Elsewhere, in a franchise which not so long ago was seen as having almost as many problems, there is a new head of global markets. We wondered last week why Stephen Dainton was still being referred to as an “interim” head, even when announcing a new permanent hire into his previous job as head of equities. It turns out that he has now been confirmed in the job, with the “internal and external search” having concluded that the guy already in the job was the best one to do it.
Although Dainton takes control of a franchise that is closer to being on the front foot than Deutsche Bank, he faces some of the same problems. Barclays is planning to start hiring again, partly to mend franchises damaged by the last year’s controversy over the long term future of the investment bank. But in Asia, where Dainton plans to hire up to 60 people, memories are long and the markets business will be building up from a small base and greatly reduced goodwill. It’s a shame that investment banking is such a cyclical business, because the benefits of long term planning are so great.
Can you think of anything more annoying than building a relationship with a hot technology company, then winning the IPO mandate and doing all the work, only to see it whisked away at the last minute by a trade sale organised by Frank Quattrone? This has been happening quite frequently as Qatalyst Partners have developed a speciality in finding M&A deals for startups, leaving the bulge bracket trying to make handshake deals with the founders in the hope that they’ll still get paid (Bloomberg)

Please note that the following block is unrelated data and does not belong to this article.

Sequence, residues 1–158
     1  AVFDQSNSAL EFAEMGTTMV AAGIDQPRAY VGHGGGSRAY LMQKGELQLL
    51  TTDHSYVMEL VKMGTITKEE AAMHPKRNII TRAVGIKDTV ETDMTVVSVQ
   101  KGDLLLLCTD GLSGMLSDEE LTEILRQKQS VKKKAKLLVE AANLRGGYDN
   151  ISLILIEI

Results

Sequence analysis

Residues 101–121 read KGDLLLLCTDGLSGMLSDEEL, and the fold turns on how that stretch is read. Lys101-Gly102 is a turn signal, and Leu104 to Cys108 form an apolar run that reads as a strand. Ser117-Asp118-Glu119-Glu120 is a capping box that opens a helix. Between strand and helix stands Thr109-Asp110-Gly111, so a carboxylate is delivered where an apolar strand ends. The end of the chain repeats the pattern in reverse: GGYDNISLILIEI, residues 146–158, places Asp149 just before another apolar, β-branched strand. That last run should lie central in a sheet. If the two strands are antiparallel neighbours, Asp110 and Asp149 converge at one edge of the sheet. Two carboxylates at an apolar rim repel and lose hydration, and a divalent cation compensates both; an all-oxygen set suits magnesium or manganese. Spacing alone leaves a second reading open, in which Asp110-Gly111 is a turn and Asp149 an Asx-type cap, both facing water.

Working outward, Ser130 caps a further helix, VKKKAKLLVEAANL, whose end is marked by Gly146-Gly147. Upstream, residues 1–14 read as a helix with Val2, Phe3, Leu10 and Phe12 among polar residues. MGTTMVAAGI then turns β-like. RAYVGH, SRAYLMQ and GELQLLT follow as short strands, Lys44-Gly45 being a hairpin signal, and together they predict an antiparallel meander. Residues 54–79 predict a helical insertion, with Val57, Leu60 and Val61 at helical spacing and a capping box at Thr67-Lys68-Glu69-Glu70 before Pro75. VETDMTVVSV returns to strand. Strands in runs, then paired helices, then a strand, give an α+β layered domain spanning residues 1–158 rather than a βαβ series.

Davos goes to finishing school – the Harvard course for millennials who are going to inherit huge amounts of money. Over the course of a week, the younger members of big family offices spend part of their time learning about impact investing and “how to change the world from inside”. (Bloomberg)
Another problem for super-rich millennials – what do you do if you’ve spent all your life presuming that you are going to take over the family business, but the previous generation has reluctantly decided you’re not up to it? Bloomberg interviews the bankers who have the tricky job of combining corporate strategy with family therapy (Bloomberg)
Revolut is hiring senior management talent from the tech industry. Given its famously aggressive management culture, it’s not much surprise that 17 of its senior ranks are alumni of Uber (Financial News)
The most expensive townhouse in New York has a new owner – John Griffin of Blue Ridge Capital. Previous owners were Phil Falcone of Harbinger Partners and Bob Giuccione of Penthouse magazine, which might be enough to make a more superstitious hedge fund billionaire worry that the property might bring bad luck. (Bloomberg)
BNP Paribas’ HR team have won the Grand Prix at the Employee Benefits Awards, for their use of technology and communication to staff about their benefits (Employee Benefits)
Computer chips that improve your memory. You would need quite invasive brain surgery, and they can’t actually implant memories that weren’t already there, so it’s not exactly like a computer memory chip. But as a therapy for traumatic brain injuries, the science fiction dream is close enough (Bloomberg)
*This article originally said, incorrectly, that this information came from the Options Group.